On down the list?Nestle is discontinuing the use of artificial flavors and coloring, a move that impacts the processing of 250 products. Hershey, for its part, followed up with a pledge to cut many artificial ingredients in its formulations. Pepsi is dumping aspartame (and replacing it with sucralose). Coca-Cola has eliminated brominated vegetable oil, which, by the way, is used as a flame retardant. After being besieged by a major campaign that spanned social media, Kraft Macaroni and Cheese will no longer include artificial coloring in its U.S. products, and will use the natural coloring agents it uses for European versions.
Sure, it?s stating the obvious when I say that most people who read this blog aren?t exactly these companies? biggest fans and loyal customers. I can?t remember the last time I had soda. Hershey? I do enjoy some quality high cocoa content dark chocolate now, but I?ve found much, much better, thank you. Fast food – not on the radar screen anymore.
Still, the general trend here intrigues me. Big Food is scrambling to shift their product ingredients in a healthier direction – not to mention buy out genuinely natural and organic brands to diversify their lines and maximize their profits.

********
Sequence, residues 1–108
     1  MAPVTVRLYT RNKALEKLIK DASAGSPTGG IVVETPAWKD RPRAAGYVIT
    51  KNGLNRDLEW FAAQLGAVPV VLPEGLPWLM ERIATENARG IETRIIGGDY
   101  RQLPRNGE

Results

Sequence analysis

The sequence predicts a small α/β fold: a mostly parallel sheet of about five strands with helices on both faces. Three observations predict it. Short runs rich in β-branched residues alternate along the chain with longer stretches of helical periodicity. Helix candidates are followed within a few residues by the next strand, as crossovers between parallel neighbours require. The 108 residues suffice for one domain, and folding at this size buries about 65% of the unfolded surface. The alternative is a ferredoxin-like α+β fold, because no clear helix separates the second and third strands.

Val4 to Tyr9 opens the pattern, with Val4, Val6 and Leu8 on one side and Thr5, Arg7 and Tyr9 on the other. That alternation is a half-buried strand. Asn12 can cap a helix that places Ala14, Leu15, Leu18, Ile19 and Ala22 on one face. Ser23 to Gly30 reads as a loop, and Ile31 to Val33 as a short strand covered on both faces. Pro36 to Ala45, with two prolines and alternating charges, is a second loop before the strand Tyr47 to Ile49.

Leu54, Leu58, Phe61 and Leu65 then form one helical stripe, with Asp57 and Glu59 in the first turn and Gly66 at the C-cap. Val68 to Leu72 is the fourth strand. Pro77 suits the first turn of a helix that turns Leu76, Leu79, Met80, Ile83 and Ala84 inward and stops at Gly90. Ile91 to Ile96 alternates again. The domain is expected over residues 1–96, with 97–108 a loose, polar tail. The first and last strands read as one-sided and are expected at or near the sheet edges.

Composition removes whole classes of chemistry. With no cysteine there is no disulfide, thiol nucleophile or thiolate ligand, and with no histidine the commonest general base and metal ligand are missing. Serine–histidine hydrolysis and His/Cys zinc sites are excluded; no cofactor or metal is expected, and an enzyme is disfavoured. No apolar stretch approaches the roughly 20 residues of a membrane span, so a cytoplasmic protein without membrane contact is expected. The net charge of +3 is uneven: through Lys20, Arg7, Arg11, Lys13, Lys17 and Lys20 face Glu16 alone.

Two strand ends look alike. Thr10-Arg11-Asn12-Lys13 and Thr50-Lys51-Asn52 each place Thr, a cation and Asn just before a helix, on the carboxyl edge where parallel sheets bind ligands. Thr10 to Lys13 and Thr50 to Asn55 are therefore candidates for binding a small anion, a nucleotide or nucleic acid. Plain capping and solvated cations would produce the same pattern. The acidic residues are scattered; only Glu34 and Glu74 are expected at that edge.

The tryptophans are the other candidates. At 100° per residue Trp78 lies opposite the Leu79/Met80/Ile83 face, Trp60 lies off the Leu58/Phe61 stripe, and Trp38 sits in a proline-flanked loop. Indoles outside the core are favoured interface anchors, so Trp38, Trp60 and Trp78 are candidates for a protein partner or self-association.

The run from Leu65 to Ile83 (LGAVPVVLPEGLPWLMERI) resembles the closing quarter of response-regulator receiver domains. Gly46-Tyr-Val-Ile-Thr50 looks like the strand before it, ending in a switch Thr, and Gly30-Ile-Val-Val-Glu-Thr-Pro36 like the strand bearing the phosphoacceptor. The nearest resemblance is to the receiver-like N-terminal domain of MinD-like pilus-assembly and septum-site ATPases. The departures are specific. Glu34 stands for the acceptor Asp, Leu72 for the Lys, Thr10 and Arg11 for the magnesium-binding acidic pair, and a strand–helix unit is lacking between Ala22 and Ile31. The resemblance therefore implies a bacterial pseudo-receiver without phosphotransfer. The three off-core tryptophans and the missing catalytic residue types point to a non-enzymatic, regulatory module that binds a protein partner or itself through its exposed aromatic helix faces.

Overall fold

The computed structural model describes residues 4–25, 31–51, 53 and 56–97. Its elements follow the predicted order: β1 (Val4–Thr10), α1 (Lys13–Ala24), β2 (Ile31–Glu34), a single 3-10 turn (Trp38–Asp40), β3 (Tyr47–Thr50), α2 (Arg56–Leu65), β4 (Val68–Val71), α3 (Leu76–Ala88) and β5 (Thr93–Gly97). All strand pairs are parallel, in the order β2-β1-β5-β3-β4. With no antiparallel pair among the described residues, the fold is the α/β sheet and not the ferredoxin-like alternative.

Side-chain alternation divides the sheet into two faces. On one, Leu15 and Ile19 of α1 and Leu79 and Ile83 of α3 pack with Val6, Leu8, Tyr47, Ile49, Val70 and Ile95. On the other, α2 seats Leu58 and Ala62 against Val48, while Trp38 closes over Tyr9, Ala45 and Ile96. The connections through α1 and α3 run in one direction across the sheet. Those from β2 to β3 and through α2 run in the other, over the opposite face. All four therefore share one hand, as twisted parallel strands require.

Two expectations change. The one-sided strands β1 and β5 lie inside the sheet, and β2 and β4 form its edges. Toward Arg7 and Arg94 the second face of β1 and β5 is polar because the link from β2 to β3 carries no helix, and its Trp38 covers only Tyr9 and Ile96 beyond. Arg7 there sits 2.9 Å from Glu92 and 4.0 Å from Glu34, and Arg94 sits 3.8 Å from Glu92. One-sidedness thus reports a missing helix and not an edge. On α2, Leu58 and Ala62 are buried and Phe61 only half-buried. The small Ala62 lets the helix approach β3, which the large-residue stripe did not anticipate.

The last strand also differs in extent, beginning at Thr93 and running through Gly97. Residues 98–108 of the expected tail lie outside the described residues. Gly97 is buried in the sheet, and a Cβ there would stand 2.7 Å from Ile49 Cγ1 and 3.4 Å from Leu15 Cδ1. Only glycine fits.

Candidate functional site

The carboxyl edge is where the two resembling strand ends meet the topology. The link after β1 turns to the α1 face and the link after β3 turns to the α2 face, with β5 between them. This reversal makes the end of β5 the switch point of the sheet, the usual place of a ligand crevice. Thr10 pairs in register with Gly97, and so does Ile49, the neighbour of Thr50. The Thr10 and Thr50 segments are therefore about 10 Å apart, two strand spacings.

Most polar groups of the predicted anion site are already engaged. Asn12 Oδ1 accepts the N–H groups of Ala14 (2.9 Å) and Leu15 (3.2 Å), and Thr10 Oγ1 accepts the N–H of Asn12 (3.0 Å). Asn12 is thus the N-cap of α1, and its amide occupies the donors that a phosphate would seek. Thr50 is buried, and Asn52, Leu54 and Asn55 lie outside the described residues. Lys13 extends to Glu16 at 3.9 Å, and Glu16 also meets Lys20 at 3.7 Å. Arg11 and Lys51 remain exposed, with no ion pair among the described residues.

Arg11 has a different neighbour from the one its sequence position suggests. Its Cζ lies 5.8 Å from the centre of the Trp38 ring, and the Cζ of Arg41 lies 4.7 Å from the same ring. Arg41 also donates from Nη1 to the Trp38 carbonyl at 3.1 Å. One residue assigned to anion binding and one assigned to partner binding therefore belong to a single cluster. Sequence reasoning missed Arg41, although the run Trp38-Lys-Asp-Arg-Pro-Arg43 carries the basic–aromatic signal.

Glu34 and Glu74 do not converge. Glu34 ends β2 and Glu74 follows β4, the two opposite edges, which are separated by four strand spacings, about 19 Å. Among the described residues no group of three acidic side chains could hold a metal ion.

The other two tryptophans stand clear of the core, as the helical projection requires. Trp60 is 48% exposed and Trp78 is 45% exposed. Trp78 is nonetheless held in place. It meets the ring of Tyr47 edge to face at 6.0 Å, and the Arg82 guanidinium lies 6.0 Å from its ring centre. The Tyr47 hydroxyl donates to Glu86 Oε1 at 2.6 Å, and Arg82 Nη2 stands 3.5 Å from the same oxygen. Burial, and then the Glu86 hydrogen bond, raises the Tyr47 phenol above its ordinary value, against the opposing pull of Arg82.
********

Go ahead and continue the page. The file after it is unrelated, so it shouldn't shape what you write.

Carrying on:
As Fortune magazine?s insider discussions with food execs demonstrated, companies are concerned about the growing trends toward ?shopping the perimeter? and preferring labels with fewer ingredients. Some 64% of people surveyed through a Fortune Magazine-Survey Monkey partnership were very concerned about pesticides. Fifty-six percent were concerned about hormones, and 52% were concerned about the use of antibiotics in livestock. A whopping 85% believed GMO products should be labelled. This doesn?t bode well for many in the industry.
Consumers, it seems, aren?t only more health conscious but more experimental in their health related choices. The top label claims to draw consumers to new products between 2011-2015 were gluten-free and organic. All but obsolete are ?diet? and ?low fat? labels. Even the concept of diet has changed in the population as a whole, with over 36% of survey respondents saying they?ve tried a low carb diet (and another 6.5% citing their experience with the paleo diet). As the head of Nestle?s U.S. business observed, the interest of consumers to experiment with ?new of trends ?is at its highest level, probably, ever.??